Wendy Teachers’ roles should be teaching the children lessons, not pushing them through the tests. This idea from the teachers’ union of a boycott of SATs is the best thing I think they’ve ever come up with.
John Hayes is headteacher of Fairlands Primary and an NUT member
‘THE NATIONAL union is moving, we hope, to a ballot for a boycott. But we have seen before how a euphoric atmosphere over an issue has been allowed to die down. So we have got a national meeting that Hertfordshire NUT is hosting in central London at the end of next month.
‘We hope that will attract representatives from across the NUT and wider. We want to get as many teachers, parents and school governors involved in this campaign as possible. That way, when we move to a ballot the work is already done.
‘The NAHT headteachers’ conference shows the thing is starting to turn. They are talking about following the NUT line. If we can get them on board, that would be fantastic. Very many people now see through the government’s obsession with target setting.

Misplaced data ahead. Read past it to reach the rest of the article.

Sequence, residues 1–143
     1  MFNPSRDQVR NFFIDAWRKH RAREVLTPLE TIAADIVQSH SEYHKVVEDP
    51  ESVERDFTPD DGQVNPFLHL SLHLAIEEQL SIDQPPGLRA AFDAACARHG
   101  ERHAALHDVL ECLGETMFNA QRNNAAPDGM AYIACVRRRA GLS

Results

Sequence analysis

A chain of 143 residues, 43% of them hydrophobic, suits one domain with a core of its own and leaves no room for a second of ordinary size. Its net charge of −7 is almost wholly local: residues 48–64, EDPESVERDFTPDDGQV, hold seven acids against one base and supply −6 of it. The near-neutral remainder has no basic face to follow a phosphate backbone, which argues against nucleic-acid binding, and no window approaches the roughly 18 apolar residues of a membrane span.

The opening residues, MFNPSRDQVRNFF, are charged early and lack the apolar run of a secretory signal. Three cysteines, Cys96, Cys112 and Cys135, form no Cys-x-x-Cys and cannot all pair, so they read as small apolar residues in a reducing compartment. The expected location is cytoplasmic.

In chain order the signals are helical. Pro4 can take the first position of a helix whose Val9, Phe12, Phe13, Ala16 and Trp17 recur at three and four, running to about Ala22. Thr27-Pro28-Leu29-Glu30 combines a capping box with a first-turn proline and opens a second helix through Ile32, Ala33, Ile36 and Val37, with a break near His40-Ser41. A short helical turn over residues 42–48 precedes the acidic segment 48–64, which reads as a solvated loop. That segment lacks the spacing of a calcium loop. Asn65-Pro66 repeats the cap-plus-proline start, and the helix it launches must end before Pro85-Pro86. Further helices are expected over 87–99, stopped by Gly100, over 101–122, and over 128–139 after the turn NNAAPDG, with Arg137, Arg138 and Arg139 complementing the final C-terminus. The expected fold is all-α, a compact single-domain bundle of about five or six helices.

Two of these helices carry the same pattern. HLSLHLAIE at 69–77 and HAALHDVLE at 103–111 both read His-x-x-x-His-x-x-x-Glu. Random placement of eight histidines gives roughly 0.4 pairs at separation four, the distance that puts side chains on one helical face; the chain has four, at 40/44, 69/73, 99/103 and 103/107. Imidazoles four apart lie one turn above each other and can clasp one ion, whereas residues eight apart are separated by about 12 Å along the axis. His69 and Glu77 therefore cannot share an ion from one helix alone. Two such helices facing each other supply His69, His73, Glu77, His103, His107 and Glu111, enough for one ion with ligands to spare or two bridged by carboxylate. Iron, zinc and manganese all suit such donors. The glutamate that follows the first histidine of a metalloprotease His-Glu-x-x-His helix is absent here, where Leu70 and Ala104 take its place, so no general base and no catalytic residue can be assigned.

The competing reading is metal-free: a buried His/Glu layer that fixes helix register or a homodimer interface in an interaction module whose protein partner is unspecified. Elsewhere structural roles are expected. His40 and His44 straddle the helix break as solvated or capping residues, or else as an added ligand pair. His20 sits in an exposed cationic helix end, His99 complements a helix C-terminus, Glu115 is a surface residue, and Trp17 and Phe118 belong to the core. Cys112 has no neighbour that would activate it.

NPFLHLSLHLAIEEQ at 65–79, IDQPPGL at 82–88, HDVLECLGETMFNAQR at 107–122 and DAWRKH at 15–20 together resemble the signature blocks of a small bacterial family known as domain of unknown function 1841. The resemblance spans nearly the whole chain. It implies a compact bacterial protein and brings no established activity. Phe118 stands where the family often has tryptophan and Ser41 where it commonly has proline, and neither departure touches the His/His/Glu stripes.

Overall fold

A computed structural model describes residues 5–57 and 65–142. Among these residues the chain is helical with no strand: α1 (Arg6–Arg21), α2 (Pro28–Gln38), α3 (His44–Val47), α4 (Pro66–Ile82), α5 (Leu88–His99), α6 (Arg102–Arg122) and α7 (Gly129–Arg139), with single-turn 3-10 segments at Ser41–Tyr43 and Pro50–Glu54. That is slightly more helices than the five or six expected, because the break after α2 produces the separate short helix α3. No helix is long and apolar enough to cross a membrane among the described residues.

‘It used to be tied to individual target setting for children and how you move children forward. Now it is about targets for all schools and national target setting, which is not for the same purpose at all and has no educational value. New Labour fears that if we get rid of the SATs, we get rid of the market in education.
‘The whole thing then turns into a system that can become properly comprehensive, which they don’t want. It would enable children to develop properly, regardless of social background, but they are not interested in that.
‘Instead, they want competition because it fits with business, it looks like business and that’s what they understand.’
CONFERENCE FOR ALL PARENTS, GOVERNORS AND TEACHERS
Saturday 28 June, 11.30am – 3.30pm, South Camden Community School, Charrington Street, London WC1 (King’s Cross/Euston station) E-mail Jon Berry, secretary Hertfordshire NUT, for more details: [email protected]